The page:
The rules around classifying hazardous waste are changing, are you up to date?

Written by: Paul Tilley | Published:
Companies that are producing, transporting, keeping, processing, controlling, using or disposing of excavated waste from unplanned utilities installation or repair works will now be required to classify their waste, regardless of volum

Excavated waste from unplanned utilities works is now classed hazardous until proven otherwise.

On 31 January, the Environment Agency (EA) withdrew Regulatory Position Statement (RPS)211, which will impact the way excavated waste from unplanned utilities installation and repair works s treated and disposed of.

Up until now, under RPS 211and providing other conditions were met,small volumes of waste (up to 10m3) produced as a result of these works weredisposed of as non-hazardous by default, without the classification to prove it.

Waste volumes of this size mean that RPS 211 typically applied to businesses digging small pits or trenches for emergency utilities works, such as fixing burst mains or sewers.

Why the change?

The position statement was always intended to be temporary and was designed to give time for operators to set up a suitable system. It is possible that the withdrawal is part of an EA drive to reduce the inappropriate and, in some cases, illegal handling and disposal of a range of waste types.

Because each site will only produce a small volume of waste, it is plausible that some operators could have been taking material to a central location for storage before disposing the combined load. In doing so, the evidence to state that the compiled waste is within the volume limit and source site restrictions of the RPS 211 is difficult to trace. Waste will now be classified as hazardous by default – as opposed to non-hazardous – which will discourage the potential incorporation of waste soil from other sources into loads from utility excavations.

What are the consequences of this withdrawal?

Companies that are producing, transporting, keeping, processing, controlling, using or disposing of excavated waste from unplanned utilities installation or repair works will now be required to classify their waste, regardless of volume.

Hazardous waste attracts higher gate fees for disposal, and two different tax rates are associated with disposal to landfill, with hazardous waste currently costing £88.95 per tonne and non-hazardous usually costing significantly less, at £2.80 per tonne.

The tax element alone for disposal of 10m3(approximately 18 tonnes) of hazardous waste is around £1,600, which is a dramatic increase from an average £50 of disposal costs to a non-hazardous landfill. Even when you take into account the fees for an environmental consultancy to test and produce a report on this volume of waste, a company would be saving around £500 per 10m3load by following best practice, assuming the testing proves the waste is non-hazardous.

There is an obvious cost benefit to following best practice, but could non-compliant companies be penalised in other ways? Damage to reputation if they are found to be dealing with waste incorrectly is a serious consideration. If a utility company employs a contractor to carry out works, they are part of the chain of responsibility and should be doing their own due diligence to ensure their chosen contractor is dealing with the resulting waste properly.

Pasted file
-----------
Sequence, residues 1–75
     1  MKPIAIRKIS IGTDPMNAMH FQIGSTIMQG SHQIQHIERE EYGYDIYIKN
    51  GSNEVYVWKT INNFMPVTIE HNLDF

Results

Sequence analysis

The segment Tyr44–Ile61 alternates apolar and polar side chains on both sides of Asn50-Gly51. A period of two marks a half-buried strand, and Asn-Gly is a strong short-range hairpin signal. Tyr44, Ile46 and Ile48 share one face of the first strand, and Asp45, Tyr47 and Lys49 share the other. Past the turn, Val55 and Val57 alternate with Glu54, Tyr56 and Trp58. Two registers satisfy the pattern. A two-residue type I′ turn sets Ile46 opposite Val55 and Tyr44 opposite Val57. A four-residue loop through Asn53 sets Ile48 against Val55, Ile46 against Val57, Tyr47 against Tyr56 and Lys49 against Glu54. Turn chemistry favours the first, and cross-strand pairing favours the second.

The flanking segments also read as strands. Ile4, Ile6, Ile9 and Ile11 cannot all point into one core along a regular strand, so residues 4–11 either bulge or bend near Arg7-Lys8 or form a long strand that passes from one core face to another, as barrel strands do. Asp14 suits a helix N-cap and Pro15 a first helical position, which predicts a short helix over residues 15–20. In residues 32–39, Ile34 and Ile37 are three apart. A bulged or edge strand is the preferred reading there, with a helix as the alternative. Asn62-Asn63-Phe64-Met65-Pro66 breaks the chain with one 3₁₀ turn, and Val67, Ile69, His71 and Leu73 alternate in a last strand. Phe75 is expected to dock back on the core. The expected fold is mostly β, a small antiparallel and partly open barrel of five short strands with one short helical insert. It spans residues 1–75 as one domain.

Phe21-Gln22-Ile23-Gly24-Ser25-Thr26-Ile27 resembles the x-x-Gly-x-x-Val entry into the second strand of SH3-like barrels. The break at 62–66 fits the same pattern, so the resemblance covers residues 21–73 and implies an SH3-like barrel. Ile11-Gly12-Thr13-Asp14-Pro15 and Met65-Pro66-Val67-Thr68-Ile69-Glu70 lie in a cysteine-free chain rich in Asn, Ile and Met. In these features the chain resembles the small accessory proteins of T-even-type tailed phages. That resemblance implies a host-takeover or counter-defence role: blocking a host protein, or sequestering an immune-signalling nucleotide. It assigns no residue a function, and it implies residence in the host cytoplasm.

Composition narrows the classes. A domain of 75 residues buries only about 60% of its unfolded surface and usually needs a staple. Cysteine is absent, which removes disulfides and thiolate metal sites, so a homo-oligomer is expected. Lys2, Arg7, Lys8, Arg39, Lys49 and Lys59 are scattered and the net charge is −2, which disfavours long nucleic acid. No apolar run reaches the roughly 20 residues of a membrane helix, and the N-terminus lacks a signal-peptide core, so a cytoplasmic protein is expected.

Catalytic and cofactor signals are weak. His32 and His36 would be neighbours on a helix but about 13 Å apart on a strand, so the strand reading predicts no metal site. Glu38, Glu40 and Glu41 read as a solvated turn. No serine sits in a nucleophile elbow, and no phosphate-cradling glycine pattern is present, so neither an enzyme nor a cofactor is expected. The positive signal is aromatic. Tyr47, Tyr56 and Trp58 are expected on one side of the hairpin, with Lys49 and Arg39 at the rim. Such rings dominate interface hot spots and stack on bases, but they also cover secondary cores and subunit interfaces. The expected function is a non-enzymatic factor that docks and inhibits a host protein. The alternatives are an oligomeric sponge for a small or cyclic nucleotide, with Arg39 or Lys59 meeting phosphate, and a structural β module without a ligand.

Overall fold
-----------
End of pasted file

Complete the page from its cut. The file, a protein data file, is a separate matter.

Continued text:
If the utility company isn’t satisfied that best practice is being followed, that contractor is unlikely to win future work. If they are caught misclassifying waste, there is also potential for prosecution. If waste is assumed to be of hazardous classification, there are limitations on the transport and storage of hazardous waste that must also be considered and complied with.

Landfill site operators will now be required to ask more questions about the material being disposed of at their sites. If the material turns up and it’s said to be non-hazardous, but it doesn’t have the lab testing and waste certification to prove it, it should no longer be accepted. Landfill site operators are essentially going to be tasked with obtaining the correct evidence before allowing disposal. If they don’t obtain this evidence, it will be their environmental permit at risk. They are also at risk of extra conditions being applied, or prosecution.

How can I be compliant?

Post-withdrawal, the EA states that those excavating waste for the utilities industry should be delivering an EA-approved protocol for the classification and assessment of excavated utilities waste, and implementing compliance with the legal requirement to correctly classify and assess this waste.

To comply with waste classification guidance, there should always be an assessment stage, particularly when dealing with material of unknown origin or constituents. Companies should produce a sampling plan and an environmental consultancy can support with this, helping to establish an appropriate protocol for the EA, as well as a bespoke process for sampling, analysis and classification of your waste.

To ensure that companies adhere to guidance in the most cost-effective way, SOCOTEC is currently working with a number of companies looking at using a GIS system as a first step in assessing the risk of waste being contaminated based on the historical land use of the site, as well as rapid assessment of the waste arisings using on-site analysis techniques. The higher the risk, the more samples and more detailed assessment are required.

Paul Tilley is operations director, environment and safety at SOCOTEC

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